Nevermind that most commercial properties worth more than $5 million benefit from Metro, or that the Uber/Lyft tax increase, which is small, hurts those companies by making taxis a better option. But what is really stupid is how the local paper doesn’t even understand the importance of Metro for the city’s basic functioning.
If you remember back to when SafeTrack started (and, as far as I’m concerned, it’s still going on), there were discussions about shutting down entire lines for months to do construction. As I noted, that meant the city wouldn’t work:
Metro is just too critical for weekday commutes.
Between 5am and 9:30am, the two Farragut Square stations alone have 30,000 people arriving, with the bulk (~70%) arriving between 7am and 9am. If we add McPherson Square and Metro Center to the mix, that’s another 26,000. If we assume that’s around 40,000 people every weekday morning between 7 – 9 am, it would be impossible to get that many people in by buses–even if we cleared all car traffic from the roads. It would be, if we assume fifty riders per bus, 400 buses in an hour in a very small area. The people who pulled off the Berlin airlift couldn’t make that work.
This also ignore that the Metro serves, during the weekday, as a commuter rail–if people without cars lose the Metro, many don’t have other options; the bus might not provide a realistic alternative*. Shutting down the Metro on the weekends might help, but it simply won’t work in terms of traffic.
And I was talking about replacing trains with buses. The august solons at the Washington Examiner want to replace trains with cars. The geometry simply doesn’t work–you can’t fit an additional 40,000 cars in that space–or on the roads traveling to that space. And then there’s the parking.
I have criticized Metro many, many times here, but that’s because the city needs a good, functional mass transit system. It’s not 1985 (or 1995) anymore. The city’s population has rebounded, and the D.C Metro area’s population has exploded. But the road surface area in D.C. is a fixed quantity. We need mass transit–and “we” includes drivers, even if the Washington Examiner editorial board is too stupid to figure that out.
If you want to live in a car-dependent place, D.C. has a lot of nice suburbs…
While I might, at some point, have more to say about this post by Kevin Drum about cities and high rents, what bothers me is this figure:
Not the underlying data, but the assumption that many of these entities are cities in a meaningful sense. Yes, I realize that they are incorporated as cities, and that they certainly can’t be viewed as rural. But to me, a city means that there is enough density and infrastructure such that one can live a car-independent life. Mind you, for many Americans, that is a completely alien concept and would be undesirable. Yet it’s clear that many people, if they could, would like to live in cities, and that there aren’t enough urban areas.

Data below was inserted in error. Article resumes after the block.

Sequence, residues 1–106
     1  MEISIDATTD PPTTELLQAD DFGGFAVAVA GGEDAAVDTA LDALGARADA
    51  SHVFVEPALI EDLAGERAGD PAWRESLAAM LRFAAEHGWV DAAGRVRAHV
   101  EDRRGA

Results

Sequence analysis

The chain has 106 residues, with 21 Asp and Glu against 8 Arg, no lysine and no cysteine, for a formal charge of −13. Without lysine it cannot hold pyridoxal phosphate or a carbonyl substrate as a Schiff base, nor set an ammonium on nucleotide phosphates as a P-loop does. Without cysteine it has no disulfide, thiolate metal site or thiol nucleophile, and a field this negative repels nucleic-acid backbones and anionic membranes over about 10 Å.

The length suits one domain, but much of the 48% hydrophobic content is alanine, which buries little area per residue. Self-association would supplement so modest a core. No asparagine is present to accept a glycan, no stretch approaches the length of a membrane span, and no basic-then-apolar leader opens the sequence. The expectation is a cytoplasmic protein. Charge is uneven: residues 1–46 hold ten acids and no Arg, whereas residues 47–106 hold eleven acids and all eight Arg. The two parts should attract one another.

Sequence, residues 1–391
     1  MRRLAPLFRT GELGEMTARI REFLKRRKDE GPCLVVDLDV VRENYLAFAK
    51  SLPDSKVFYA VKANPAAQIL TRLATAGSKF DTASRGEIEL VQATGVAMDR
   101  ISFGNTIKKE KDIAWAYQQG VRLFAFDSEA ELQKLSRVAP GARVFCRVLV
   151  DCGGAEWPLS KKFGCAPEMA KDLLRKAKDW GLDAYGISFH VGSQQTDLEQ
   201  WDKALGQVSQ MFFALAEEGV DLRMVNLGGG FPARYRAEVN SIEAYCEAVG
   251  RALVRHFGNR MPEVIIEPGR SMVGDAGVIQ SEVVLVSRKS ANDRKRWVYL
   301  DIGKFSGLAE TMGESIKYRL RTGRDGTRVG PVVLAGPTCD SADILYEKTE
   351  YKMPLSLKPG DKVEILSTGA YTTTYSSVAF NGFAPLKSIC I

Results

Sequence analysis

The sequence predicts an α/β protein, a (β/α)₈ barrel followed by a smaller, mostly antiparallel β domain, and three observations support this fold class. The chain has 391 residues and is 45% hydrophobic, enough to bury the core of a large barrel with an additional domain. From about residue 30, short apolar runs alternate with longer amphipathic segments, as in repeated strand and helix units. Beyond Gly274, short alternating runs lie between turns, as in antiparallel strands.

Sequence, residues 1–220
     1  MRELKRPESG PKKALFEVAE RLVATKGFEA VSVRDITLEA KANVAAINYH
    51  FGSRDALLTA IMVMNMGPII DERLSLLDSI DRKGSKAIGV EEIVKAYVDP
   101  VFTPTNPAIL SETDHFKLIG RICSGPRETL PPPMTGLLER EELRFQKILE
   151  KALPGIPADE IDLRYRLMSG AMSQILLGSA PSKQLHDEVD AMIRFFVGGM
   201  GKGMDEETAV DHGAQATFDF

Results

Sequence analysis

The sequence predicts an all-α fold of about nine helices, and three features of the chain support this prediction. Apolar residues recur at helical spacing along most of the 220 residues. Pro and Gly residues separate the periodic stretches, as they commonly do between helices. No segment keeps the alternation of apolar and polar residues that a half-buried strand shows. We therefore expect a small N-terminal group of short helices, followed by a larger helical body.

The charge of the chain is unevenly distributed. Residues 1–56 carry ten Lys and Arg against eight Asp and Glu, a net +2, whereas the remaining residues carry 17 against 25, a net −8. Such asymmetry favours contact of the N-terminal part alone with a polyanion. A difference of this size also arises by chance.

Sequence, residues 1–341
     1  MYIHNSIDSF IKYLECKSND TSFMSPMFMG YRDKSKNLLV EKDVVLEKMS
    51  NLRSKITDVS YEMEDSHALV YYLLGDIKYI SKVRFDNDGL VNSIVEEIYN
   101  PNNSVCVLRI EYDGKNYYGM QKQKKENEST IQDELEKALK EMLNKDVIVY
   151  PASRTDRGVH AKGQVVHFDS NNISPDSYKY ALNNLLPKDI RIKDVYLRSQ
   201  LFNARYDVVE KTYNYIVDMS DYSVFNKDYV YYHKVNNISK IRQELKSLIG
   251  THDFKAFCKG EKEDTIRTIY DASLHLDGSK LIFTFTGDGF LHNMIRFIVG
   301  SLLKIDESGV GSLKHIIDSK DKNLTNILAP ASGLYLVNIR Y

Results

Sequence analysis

The reason I don’t like that figure is that to define Jacksonville, FL as urban just doesn’t make a lot of sense. It has a population density lower than Fairfax County, VA, but no one would call Fairfax County urban. And Jacksonville has a better-than-average bus system, and even a skyway monorail thingee! But when you look at Jacksonville, all but one census district have less than 5,000 people/square mile (maximum ~6,200), and many census districts are below 3,000 people/sq. mile. In D.C., which still has too many car-dependent areas, 88% of the population lives in census districts above 6,200 people/sq. mile. These cities are not the same when thinking about how people live, mass transit needs, and density.
I’m not judging! Jacksonville, FL is nice! But we really need to redefine urbanity, not as density, but as how people get around and live. This means, as one D.C. developer noted, that, overwhelmingly, most places in the U.S. are not urban. I really don’t want to turn your suburb into midtown Manhattan. But cities that are dense need to promote and support that density; they can’t have policy decisions made by those who don’t live as city dwellers (which, in D.C., is a not-insignificant swathe of the City Council).